FDA Authorizes Use of AI-Powered Medical Device to Detect the Most Common Skin Cancers


The Food and Drug Administration (FDA) has authorized the first-of-its-kind non-invasive artificial intelligence-powered medical device to detect three of the most common skin cancers in real time.

The FDA said on Jan. 16 that it had cleared the DermaSensor Inc. device, made by the Miami-based company of the same name, to be used by physicians on patients aged 40 and over.

According to DermaSensor Inc., the wireless, handheld device uses spectroscopy (the absorption and emission of light and other radiation by matter) and FDA-cleared algorithms to evaluate cellular and subcellular characteristics of a skin lesion to identify potential cancer cells in seconds.

Typically, skin cancer is identified through a procedure known as dermatoscopy, in which a medical professional examines the skin for signs of cancer using a specialized magnifying glass or through a visual examination.

The DermaSensor Inc. device can detect all three of the most common types of skin cancer—basal cell carcinoma, squamous cell carcinoma, and melanoma, which is the most deadly form of skin cancer—allowing health care providers to determine whether or not to refer a patient to a dermatologist, according to the company.

One in five Americans will have had some type of skin cancer by the age of 70 and more than two people die of skin cancer in the United States every hour, according to The Skin Cancer Foundation.

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However, 99 percent of skin cancers, including melanoma, are curable if detected early.

‘Golden Age of Predictive, Generative AI’

DermaSensor Inc. co-founder and CEO Cody Simmons told media that due to technological advances, the healthcare industry is now entering the “golden age” of predictive and generative artificial intelligence (AI), noting that these capabilities “are being paired with novel types of technology, like spectroscopy and genetic sequencing, to optimize disease detection and care.”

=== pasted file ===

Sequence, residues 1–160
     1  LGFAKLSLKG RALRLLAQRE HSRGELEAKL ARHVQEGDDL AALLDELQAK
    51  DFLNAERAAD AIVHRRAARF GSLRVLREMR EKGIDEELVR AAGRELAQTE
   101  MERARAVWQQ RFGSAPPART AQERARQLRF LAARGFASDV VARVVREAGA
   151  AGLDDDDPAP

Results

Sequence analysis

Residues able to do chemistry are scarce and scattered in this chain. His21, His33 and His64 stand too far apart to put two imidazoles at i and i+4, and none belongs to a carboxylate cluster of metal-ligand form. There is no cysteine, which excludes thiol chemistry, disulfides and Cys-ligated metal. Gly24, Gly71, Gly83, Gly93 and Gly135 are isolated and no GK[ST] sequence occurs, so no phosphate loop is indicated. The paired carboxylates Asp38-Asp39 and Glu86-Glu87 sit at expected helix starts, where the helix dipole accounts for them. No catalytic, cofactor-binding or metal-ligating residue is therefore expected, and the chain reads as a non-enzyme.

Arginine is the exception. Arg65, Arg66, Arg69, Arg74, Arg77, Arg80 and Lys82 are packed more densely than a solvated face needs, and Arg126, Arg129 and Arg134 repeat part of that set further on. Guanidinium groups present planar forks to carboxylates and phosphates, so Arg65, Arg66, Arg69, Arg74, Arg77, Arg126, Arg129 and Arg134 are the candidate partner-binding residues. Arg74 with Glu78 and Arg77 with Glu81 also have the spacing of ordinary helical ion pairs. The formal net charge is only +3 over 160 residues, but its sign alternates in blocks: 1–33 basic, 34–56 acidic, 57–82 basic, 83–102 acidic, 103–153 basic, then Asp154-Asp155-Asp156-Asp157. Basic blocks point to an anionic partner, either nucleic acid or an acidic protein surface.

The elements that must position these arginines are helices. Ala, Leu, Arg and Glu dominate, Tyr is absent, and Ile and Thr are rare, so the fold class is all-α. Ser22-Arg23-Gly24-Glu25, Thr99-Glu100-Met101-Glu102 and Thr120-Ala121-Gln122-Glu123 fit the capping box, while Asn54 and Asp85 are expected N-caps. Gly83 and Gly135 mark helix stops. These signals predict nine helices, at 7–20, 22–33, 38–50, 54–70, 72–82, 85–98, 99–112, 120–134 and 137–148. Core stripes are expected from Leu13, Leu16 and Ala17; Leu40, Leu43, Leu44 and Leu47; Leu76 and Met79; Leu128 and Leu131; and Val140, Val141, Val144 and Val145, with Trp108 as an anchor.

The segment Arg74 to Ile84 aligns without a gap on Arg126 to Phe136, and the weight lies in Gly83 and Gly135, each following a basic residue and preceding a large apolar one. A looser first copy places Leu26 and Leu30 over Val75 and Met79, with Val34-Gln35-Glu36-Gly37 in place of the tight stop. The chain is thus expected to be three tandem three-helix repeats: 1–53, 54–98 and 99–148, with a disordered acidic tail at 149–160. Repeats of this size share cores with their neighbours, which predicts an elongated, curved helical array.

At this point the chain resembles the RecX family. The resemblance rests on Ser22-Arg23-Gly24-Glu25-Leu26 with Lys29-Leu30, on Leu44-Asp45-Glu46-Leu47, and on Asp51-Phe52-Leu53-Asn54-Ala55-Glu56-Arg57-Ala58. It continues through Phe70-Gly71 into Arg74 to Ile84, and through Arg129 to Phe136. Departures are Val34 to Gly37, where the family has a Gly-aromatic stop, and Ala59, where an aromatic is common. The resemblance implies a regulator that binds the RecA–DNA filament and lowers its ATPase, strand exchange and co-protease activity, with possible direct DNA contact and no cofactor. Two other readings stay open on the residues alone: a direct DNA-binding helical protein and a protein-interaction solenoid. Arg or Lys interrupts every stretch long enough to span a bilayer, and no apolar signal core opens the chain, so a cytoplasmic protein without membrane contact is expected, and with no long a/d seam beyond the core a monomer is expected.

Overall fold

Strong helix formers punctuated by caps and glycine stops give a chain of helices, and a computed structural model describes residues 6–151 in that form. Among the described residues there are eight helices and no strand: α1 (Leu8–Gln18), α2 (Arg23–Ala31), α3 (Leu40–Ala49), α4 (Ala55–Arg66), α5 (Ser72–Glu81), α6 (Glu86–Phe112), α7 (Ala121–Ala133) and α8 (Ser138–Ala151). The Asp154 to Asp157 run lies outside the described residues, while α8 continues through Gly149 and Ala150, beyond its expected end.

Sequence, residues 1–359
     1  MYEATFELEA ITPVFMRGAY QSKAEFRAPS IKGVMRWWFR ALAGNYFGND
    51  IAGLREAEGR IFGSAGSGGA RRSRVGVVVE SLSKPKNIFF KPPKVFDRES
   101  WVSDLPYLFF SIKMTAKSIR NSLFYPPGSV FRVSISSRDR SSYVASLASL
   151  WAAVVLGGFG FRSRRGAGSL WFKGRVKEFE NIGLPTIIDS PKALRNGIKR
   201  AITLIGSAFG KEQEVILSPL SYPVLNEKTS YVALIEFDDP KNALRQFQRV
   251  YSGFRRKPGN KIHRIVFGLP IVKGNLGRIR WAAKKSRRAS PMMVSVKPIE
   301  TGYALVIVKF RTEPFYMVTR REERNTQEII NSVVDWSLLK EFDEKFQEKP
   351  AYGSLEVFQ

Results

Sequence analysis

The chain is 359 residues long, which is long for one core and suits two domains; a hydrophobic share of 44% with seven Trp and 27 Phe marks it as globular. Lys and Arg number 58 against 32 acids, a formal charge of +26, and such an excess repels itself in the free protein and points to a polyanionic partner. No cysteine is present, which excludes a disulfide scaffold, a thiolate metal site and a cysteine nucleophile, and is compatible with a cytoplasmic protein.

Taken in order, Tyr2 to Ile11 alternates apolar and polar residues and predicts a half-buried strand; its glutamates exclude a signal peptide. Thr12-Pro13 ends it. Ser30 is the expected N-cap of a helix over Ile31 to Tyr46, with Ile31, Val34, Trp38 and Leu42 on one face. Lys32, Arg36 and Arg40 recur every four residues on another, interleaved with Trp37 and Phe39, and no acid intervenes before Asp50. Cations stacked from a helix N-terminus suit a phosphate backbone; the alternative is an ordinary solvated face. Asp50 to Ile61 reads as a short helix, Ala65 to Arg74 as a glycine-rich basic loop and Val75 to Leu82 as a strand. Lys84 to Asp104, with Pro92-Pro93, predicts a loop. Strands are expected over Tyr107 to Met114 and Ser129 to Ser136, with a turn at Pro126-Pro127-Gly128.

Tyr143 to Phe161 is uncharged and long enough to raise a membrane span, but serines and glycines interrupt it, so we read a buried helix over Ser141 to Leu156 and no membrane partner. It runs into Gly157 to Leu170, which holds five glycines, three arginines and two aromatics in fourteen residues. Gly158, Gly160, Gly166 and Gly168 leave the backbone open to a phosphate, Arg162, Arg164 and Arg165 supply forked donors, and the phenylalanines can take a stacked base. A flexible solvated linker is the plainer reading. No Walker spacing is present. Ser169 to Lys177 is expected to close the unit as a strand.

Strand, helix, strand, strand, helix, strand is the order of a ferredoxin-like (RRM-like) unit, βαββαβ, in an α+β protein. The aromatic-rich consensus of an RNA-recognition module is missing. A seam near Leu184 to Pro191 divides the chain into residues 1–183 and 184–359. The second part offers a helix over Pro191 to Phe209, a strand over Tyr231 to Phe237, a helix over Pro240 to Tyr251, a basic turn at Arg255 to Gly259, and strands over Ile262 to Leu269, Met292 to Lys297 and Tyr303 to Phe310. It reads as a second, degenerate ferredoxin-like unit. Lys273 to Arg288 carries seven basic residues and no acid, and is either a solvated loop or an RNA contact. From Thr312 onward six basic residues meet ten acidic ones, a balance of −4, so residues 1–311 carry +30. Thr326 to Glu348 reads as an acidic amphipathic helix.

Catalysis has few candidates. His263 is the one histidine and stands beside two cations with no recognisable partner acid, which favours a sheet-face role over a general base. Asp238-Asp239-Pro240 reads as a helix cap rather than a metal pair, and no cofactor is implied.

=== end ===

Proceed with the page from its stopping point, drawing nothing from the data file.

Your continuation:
Equipping primary care physicians to better evaluate the most common cancer in the country has been a “major, long-standing unmet need in medicine,” he said.

“While dozens of companies have attempted to address this problem in recent decades, we are honored to be the first device cleared by the FDA that provides PCPs with an automated tool for evaluation of suspicious lesions,” Mr. Simmons added.

According to the FDA, the DermaSensor Inc. device should be used “in conjunction with the totality of clinically relevant information from the clinical assessment, including visual analysis of the lesion, by physicians who are not dermatologists.”

It should also be used on lesions “already assessed as suspicious for skin cancer and not as a screening tool.”

“The device should not be used as the sole diagnostic criterion nor to confirm a diagnosis of skin cancer,” the FDA said.

The agency is also requiring that DermaSensor Inc. conduct additional post-market clinical validation performance testing of the device in patients from demographic groups representative of the U.S. population, including populations who are at lower risk of skin cancer.

A doctor from the American Academy of Dermatology checks Christine Trerotoli for signs of skin cancer (Spencer Platt/Getty Images)
A doctor from the American Academy of Dermatology checks Christine Trerotoli for signs of skin cancer (Spencer Platt/Getty Images)

Risks of AI in Cancer Diagnosis

DermaSensor Inc.’s FDA clearance was based on a study of over 1,000 patients, which showed that the device had a sensitivity of 96 percent across all 224 skin cancers.

A negative result recorded on the device has a 97 percent chance of being benign for all skin cancers, the agency said.

In a companion clinical utility study among 108 physicians, the DermaSensor device was found to decrease the number of missed skin cancers by half (from 18 percent to 9 percent), increasing the physicians’ accuracy and confidence in assessing cancerous lesions, according to DermaSensor Inc.

However, some experts have warned that some AI medical devices and systems being developed to diagnose skin cancer could result in less accurate results in some patients, specifically those with darker skin tones, due to a lack of freely available image databases to help train AI systems.

“If you train an algorithm on a data set that inherently in itself is biased and does not have within it enough examples of cancer or whatever skin manifestation of disease, it will not be able to then accurately make that diagnosis once it’s fully trained,” Dr. Adewole Adamson, an assistant professor in the department of internal medicine at the University of Texas at Austin Dell Medical School, told ABC News.

Others have said that AI being used to help detect skin cancer in patients runs the risk of overdiagnosing, noting that not all tumors become life-threatening, and cautioned overuse and sensible deployment of such technology.

According to Reuters, DermaSensor Inc.’s device, which is already commercially available in Europe and Australia, will be priced through a subscription model at $199 a month for five patients or $399 a month for unlimited use.


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